Consumers and food companies have realized this fact, and demand for eggs from cage-free hens has risen sharply. Early adopters include Target, Kroger, Albertsons and Whole Foods.
Walmart, on the other hand, is late to the game. The retail giant pledged to move to a 100 percent cage-free egg stock by 2025. That’s nine years to accomplish something many of its competitors have already achieved.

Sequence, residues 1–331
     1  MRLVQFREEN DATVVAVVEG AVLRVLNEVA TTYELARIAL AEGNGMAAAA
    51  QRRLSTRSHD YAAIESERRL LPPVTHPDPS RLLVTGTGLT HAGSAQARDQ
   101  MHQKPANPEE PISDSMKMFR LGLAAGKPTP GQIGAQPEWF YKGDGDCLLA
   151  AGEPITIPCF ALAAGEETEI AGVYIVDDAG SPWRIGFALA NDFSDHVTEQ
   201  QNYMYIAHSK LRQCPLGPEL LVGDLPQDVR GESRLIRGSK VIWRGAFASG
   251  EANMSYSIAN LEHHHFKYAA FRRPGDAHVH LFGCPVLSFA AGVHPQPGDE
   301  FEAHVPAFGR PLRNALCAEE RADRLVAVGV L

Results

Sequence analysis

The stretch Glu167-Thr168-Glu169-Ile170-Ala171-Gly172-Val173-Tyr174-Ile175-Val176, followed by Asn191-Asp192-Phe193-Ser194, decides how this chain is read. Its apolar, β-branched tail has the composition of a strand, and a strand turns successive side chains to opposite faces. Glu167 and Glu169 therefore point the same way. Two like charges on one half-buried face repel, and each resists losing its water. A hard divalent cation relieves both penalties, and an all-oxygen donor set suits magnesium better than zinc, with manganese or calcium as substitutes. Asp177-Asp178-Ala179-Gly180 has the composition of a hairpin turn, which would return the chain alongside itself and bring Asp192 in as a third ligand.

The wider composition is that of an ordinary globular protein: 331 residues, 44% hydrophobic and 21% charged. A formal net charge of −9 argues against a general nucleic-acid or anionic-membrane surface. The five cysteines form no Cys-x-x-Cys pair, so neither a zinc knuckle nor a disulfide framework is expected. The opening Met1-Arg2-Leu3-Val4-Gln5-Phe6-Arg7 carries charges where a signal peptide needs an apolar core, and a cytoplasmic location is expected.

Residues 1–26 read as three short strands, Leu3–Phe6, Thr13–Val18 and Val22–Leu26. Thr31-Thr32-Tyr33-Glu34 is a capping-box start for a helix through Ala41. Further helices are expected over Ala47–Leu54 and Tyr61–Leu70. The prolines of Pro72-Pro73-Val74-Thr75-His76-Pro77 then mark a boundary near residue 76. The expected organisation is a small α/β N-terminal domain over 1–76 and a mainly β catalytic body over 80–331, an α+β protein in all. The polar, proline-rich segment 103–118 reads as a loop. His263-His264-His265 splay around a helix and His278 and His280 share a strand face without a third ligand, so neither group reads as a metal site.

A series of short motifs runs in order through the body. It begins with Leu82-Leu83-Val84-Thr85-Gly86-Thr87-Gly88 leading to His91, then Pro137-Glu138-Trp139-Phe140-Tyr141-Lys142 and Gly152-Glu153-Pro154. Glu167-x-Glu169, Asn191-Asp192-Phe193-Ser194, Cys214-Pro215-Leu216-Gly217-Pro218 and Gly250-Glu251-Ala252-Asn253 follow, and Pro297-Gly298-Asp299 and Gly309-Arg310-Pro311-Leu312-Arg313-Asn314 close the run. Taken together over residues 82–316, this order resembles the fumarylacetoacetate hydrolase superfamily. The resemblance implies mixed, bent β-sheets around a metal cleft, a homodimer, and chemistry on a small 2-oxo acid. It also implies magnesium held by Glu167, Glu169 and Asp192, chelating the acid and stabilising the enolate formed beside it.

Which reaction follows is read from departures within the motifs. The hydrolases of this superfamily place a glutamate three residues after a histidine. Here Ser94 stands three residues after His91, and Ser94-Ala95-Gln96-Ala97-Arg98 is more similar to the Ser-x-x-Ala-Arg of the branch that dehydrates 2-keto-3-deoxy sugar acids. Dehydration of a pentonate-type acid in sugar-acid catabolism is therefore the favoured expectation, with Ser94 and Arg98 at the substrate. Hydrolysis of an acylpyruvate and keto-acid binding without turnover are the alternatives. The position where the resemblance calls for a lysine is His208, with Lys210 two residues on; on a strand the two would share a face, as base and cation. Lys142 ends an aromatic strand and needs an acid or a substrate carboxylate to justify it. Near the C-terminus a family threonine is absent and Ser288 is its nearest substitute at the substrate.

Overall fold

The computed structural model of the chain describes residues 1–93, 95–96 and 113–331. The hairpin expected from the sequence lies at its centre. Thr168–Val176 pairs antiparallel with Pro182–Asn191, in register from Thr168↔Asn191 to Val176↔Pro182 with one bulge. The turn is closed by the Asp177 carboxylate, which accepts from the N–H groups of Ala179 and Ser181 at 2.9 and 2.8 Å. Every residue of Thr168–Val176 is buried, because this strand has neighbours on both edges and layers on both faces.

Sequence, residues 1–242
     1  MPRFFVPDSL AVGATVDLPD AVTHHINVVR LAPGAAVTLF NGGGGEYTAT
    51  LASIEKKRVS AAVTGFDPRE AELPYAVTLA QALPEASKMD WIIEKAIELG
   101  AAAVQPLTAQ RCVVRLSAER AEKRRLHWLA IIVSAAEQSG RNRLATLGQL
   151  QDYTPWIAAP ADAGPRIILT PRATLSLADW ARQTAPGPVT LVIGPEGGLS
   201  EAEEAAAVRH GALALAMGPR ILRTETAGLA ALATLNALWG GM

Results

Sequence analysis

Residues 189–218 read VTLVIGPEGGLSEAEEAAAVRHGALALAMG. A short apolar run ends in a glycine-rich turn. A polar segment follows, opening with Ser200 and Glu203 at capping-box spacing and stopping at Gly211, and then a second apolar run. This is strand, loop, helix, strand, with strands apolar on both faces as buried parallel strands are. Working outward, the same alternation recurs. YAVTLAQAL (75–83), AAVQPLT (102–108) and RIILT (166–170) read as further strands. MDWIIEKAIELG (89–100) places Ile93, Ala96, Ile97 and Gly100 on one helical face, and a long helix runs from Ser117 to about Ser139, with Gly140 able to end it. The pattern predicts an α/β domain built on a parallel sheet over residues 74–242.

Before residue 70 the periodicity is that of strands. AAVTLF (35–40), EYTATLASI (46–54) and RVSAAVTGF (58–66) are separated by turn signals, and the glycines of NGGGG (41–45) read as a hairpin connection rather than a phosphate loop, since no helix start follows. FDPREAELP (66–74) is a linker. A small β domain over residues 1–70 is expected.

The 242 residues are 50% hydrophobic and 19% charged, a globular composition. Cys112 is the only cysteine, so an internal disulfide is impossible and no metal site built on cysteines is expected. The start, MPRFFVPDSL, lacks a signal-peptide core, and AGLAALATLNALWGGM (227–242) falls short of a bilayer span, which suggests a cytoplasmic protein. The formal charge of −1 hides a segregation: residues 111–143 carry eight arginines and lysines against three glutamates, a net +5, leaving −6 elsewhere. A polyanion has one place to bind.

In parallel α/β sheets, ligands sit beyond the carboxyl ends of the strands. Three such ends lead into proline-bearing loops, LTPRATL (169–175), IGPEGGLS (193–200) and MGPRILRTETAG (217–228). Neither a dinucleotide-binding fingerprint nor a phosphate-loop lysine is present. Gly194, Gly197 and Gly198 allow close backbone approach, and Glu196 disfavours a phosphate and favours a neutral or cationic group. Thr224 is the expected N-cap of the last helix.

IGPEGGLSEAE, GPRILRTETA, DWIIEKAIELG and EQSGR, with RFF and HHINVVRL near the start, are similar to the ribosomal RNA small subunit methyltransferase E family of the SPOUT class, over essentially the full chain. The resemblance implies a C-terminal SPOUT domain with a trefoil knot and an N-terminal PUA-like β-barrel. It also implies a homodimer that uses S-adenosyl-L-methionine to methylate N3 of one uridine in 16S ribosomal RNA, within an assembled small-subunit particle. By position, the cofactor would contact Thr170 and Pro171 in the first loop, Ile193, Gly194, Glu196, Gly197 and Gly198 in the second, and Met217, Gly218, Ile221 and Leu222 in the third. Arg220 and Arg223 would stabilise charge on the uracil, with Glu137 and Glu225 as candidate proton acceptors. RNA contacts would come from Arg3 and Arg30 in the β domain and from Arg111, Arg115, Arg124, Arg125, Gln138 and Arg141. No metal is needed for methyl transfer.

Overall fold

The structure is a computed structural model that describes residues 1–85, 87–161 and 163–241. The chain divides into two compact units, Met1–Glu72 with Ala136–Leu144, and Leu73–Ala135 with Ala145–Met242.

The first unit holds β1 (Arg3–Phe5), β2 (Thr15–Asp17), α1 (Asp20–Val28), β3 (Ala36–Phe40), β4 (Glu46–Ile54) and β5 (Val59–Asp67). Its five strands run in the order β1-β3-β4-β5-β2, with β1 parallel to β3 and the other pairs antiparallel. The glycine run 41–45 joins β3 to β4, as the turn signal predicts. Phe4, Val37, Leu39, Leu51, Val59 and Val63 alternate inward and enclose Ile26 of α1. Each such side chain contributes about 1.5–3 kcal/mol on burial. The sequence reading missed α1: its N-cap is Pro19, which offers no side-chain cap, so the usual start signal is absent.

So, why the delay? Consumerist explains:
The reason for the timetable of almost a decade is that farms supplying millions of eggs can’t just pull out all of their cages overnight. Not only do retailers have long-term supply contracts in place, but the suppliers also need to invest time and money in changing their barns to cage-free hen housing.